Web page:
Every great leader you see in Scripture had one thing in common: a willingness to serve. Jesus provided what is perhaps the most adequate summation of His teaching on this subject to a group of religious leaders in Luke 14:
So [Jesus] told a parable to those who were invited, when He noted how they chose the best places, saying to them: “When you are invited by anyone to a wedding feast, do not sit down in the best place, lest one more honorable than you be invited by him; and he who invited you and him come and say to you, ‘Give place to this man,’ and then you begin with shame to take the lowest place. But when you are invited, go and sit down in the lowest place, so that when he who invited you comes he may say to you, ‘Friend, go up higher.’ Then you will have glory in the presence of those who sit at the table with you. For whoever exalts himself will be humbled, and he who humbles himself will be exalted.” – Lk 14:7-11
The way to promotion is humility. The way to greatness is to serve! The Biblical path to promotion does not entail convincing your superiors that you deserve it; it involves serving whomever God calls you to serve, for as long as He calls you to serve them!
Let’s not forget that the promotion you experience in this life is not the most important goal. What better promotion is there than to be seated in Christ, at the right hand of God “in heavenly places,” (Eph 1:20) for all eternity?!
Come Up Higher
At the time of this writing, I’ve been in full-time ministry for six years. Full-time ministry is not easy; but being a pastor has been the most rewarding calling I never asked for. That’s the truth: I never really wanted to be a pastor. I just had a desire to serve; and the more I served the church, the more the Lord promoted me.
When I first came to our church more than ten years ago, I had just moved to New York City. I wanted to meet other guys my age and form a good group of friends. So, I signed up to be an usher. I quickly met some of the men who are still – to this day – some of my closest friends.
Soon after I became an usher, I joined the worship team. I played jazz saxophone all through college and I could improvise well, so I told the Worship Director. He asked me to audition for the worship team, and I made the cut. Before I knew it, I had a church community that felt like family: all because I had made the simple decision to serve.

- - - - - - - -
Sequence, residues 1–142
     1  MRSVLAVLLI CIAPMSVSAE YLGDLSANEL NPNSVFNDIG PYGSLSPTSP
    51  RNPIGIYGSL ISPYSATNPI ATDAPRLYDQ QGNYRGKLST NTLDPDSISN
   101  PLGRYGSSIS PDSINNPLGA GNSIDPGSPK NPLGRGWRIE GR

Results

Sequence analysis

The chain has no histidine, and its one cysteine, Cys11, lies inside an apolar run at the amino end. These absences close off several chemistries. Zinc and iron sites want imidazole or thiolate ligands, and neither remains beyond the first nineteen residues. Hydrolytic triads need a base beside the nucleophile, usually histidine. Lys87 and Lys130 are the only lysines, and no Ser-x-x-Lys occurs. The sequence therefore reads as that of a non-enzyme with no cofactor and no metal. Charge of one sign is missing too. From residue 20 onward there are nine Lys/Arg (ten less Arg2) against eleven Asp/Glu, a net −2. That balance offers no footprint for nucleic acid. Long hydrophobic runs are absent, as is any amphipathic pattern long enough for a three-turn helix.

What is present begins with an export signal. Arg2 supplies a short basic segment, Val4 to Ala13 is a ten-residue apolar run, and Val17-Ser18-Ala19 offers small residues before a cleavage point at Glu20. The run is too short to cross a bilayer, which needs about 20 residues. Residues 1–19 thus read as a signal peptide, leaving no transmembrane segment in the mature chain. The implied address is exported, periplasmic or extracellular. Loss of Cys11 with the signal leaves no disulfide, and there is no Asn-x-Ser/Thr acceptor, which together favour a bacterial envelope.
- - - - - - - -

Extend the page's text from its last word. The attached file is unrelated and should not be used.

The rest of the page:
One day while I was ushering, I met my wife. She was on the First Impressions team: greeting new guests as they walked into service. I wasn’t trying to meet anyone; and neither was she! But the Lord saw that both of us were serving, so He honored that and put us together. When my wife and I got married several years later, our Lead Pastor made us Care Pastors (our church’s term for lay pastors). We never asked to be ordained and given a title; but because we were so focused on serving, God’s response was, “Friend, go up higher” (Lk 14:10).
Several years after that, I got laid off from my job in finance. I had six months of severance to think about next steps. In that time, our Lead Pastor came to me and asked if I would be interested in coming on full-time staff as the Executive Pastor. I would manage the church’s staff, finances, and administration during the week; and on the weekends, I would preach and pastor at our Manhattan location.
Again, I cannot stress this enough: I never asked to be a pastor. Quite frankly, I never even knew I wanted to be a pastor. But God knew my design – what He had created me to do – and as I demonstrated a willingness to serve, He promoted me to where He wanted me to be.
You don’t have to promote yourself to fulfill your destiny. Serve God, and He will promote you.
© Michael D. White, 2019. Unauthorized use and/or duplication of this material without express and written permission from this blog’s author and/or owner is strictly prohibited. Excerpts and links may be used, provided that full and clear credit is given to Michael D. White with appropriate and specific direction to the original content.